The 4onthefloor | 'Spirit of Minneapolis' | New Music Review

After listening to the beginning of The 4onthefloor's new album, Spirit of Minneapolis, I had very mixed feelings. I put these feelings aside to listen to and write about this band on a non-biased opinion. I cannot find too much information about the bands’ musicians as much as I can about their concerts, tours and origins. The band members are; Gabriel Douglas, James Gould, Mark Larson and Chris Holm. This band hails from Minneapolis, Minnesota and has a versatile sound that can transcend regions and genres.

This music has a swampy, backwoods sound that the guitar and bass dominate. There is a talented use of distortion and even touches of a 1970’s and 1980’s classic rock feel. I hear a musical influence of very eclectic mixtures; such as The Talking Heads, The Doors, The Beatles, The Jefferson Airplane, and even Pearl Jam. The vocals are deep and guttural and they take the show and out-range the other musicians. There are some points where the vocalist is overbearing and seems to try to hard. The first few tracks all sound similar and the vocalist does not demonstrate versatility and soul until about track four on. The vocal area is controlled by the styling of Gabriel Douglas and the mid to later album seems to be his most powerful explosion of talent.

The drums are stomping and driving and progress the music forward. The drums can feel very repetitive, but capture the necessary mood for the other performers to follow. The bass is very well versed and incorporate several different styles including funk, jazz, soul, country, pop, rock, and more. The guitar tries to explore many different sounds, but the ones that capture the show are the country and folk styles. The major, musical feelings I seem to get from this band are country, soul, blues, southern rock, swamp music, and a gypsy/voodoo touch. I hear a large amount of Jim Morrison/ The Doors influence in the vocals, lyrics and musicianship. This band has talent when they demonstrate that they have soul. I would enjoy seeing a live show of this band, more than I have enjoyed listening to the new album. I can imagine that The 4onthefloor has a better stage presence and excitement than what their album has tried to capture. I hope to hear more from this band!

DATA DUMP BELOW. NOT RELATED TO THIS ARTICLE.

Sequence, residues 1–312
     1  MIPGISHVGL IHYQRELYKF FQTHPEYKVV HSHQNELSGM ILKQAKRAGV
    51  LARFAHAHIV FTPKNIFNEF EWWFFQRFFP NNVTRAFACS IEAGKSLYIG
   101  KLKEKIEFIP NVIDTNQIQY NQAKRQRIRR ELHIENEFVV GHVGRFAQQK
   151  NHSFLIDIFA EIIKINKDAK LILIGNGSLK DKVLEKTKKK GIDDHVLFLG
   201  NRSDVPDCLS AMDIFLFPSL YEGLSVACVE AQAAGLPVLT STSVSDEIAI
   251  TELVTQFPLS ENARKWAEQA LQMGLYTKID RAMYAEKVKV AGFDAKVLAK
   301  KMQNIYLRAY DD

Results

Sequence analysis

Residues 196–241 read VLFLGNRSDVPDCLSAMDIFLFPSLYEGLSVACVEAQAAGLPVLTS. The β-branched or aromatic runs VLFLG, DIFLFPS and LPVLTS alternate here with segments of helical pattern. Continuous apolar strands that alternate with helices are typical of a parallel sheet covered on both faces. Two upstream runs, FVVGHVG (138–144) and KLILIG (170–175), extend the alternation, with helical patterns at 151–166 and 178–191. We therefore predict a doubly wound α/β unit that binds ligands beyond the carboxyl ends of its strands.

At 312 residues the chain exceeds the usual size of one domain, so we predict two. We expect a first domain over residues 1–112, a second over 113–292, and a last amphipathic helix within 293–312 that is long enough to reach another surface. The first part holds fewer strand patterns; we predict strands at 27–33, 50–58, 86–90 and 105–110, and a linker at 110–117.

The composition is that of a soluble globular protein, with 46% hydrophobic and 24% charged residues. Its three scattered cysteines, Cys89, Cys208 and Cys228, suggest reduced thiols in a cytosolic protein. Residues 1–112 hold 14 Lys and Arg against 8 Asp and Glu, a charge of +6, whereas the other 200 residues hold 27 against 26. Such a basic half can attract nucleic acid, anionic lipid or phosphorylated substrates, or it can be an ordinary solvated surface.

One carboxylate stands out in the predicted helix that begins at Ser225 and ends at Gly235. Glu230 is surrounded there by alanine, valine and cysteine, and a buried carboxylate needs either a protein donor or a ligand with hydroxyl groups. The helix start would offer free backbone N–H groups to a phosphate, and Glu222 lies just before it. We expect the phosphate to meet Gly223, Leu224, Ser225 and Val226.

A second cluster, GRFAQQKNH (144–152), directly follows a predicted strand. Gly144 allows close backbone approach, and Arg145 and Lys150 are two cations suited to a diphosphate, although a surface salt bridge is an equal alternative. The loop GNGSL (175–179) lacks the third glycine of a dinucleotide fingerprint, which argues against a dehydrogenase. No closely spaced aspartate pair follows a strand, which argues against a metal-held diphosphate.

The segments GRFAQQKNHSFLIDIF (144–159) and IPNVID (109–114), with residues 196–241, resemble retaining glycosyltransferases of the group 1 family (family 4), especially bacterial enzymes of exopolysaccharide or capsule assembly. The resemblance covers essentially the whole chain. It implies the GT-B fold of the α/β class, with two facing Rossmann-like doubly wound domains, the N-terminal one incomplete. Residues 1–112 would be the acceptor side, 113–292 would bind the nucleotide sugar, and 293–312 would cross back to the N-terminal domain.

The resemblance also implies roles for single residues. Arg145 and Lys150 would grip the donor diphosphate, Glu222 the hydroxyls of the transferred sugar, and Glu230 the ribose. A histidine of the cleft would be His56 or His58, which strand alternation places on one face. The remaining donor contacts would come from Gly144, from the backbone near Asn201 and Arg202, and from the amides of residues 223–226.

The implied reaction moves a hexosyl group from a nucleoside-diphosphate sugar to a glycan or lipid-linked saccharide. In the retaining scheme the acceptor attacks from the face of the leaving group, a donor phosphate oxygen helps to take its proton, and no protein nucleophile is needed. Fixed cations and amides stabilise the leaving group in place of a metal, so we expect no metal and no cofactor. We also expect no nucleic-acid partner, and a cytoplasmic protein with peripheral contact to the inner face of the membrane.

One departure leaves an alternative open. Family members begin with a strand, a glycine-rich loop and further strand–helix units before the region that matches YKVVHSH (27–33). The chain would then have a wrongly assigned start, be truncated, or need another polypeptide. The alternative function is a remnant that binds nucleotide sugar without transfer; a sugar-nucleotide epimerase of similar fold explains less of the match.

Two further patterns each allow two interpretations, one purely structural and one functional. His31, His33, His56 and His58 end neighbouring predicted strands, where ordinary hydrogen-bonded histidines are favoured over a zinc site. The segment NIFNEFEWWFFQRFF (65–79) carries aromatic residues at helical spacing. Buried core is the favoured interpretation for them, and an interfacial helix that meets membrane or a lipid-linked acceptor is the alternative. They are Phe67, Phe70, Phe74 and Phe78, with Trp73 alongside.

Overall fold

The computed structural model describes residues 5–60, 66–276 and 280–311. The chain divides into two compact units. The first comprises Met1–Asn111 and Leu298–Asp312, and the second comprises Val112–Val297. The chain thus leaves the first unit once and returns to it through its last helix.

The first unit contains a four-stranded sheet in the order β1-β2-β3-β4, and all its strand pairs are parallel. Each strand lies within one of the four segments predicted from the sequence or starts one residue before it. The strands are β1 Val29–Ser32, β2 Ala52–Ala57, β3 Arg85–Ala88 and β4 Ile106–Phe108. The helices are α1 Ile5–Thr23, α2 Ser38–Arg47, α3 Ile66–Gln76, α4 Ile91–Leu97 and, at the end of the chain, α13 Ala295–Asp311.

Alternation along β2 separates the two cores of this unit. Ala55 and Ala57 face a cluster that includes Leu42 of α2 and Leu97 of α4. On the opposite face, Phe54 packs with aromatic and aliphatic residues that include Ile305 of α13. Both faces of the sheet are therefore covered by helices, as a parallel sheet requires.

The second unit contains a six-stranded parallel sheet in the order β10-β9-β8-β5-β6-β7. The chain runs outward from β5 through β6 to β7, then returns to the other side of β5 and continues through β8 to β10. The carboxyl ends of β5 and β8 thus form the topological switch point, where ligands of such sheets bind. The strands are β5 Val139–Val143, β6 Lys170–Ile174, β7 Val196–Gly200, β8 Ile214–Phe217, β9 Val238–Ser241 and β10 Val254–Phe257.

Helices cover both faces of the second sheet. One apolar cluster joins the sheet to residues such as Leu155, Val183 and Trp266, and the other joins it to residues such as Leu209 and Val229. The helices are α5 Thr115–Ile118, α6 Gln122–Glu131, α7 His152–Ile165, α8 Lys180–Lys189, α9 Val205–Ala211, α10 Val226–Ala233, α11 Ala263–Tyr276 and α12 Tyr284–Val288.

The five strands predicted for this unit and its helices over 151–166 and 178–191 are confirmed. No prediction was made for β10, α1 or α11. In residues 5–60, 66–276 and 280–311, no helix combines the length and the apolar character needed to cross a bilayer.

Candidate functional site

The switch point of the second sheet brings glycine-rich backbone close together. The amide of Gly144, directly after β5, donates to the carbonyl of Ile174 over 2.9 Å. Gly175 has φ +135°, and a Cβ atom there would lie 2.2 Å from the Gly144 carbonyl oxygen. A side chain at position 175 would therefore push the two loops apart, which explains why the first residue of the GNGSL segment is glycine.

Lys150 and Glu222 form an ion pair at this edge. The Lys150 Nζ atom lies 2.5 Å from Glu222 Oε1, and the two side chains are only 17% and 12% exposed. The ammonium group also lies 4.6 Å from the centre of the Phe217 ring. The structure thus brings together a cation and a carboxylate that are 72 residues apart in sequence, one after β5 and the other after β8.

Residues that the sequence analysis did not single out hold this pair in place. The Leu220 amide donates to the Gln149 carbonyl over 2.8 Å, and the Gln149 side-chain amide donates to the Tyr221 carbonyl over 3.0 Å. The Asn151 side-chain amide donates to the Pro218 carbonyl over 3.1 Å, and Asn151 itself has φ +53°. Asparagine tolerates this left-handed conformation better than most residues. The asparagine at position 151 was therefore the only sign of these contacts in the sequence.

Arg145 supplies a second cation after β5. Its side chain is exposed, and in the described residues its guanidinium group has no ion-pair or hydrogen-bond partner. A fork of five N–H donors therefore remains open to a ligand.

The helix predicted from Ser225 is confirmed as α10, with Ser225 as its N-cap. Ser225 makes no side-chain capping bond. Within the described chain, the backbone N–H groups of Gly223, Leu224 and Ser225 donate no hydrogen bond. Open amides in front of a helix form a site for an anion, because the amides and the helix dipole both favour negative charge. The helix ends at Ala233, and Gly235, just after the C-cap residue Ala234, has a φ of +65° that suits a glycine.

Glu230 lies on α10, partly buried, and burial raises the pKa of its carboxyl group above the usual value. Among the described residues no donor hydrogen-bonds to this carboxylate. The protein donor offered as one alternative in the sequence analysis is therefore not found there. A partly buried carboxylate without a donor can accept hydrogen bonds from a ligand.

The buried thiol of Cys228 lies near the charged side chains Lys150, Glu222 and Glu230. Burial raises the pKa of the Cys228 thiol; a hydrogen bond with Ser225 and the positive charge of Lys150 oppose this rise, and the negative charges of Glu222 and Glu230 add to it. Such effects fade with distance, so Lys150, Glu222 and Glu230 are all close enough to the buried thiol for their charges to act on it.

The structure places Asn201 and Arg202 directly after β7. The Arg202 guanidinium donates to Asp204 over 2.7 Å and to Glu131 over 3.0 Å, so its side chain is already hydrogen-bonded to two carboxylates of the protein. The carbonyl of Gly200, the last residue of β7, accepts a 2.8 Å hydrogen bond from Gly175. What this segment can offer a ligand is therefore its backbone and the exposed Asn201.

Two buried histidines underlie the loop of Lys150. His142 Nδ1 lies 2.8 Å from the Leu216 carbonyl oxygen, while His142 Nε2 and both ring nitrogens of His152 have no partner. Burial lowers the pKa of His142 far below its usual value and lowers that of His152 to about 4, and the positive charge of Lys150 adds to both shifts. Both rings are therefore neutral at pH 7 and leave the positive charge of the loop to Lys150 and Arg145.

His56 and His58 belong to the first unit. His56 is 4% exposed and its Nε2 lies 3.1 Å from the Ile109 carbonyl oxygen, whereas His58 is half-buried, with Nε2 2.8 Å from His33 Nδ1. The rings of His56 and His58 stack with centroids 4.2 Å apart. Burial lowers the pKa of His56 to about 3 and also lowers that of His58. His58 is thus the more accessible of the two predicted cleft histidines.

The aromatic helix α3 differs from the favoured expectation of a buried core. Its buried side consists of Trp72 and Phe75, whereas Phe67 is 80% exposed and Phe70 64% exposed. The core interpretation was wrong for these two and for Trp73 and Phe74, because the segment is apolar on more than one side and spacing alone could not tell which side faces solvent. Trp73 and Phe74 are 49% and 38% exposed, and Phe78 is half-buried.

porter's picture

William - the 4onthefloor dominates live! Being from MN myself, I've seen them a number of times. Actually heading up to Twin Cities today for the Spirit of Minneapolis album release show tomorrow night at First Avenue. Every song is in 4/4 time. I've never heard anyone sing quite like Gabe can sing. He definitely holds a stage presence with his low grizzly voice and then holds it on chorus. I'd lose my voice if I tried to do the same. If/when you see them live, the other thing that stands out is the four bass drums that each member uses. The stomping beat hits & shakes you to the core. The guitar play between Gabe & James is excellent too. Chris rounds out the rhythm with bass & harmonica. Mark keeps the beat steady and does a great job on tempo conversions with a very simplistic drum setup. Overall, they play damn good stompin' blues rock n roll and I have a good feeling this will not be the last that you hear of the 4onthefloor. Their music is hitting the TV circuit with play on Duck Dynasty, Nashville, Buckwild & Storage Wars.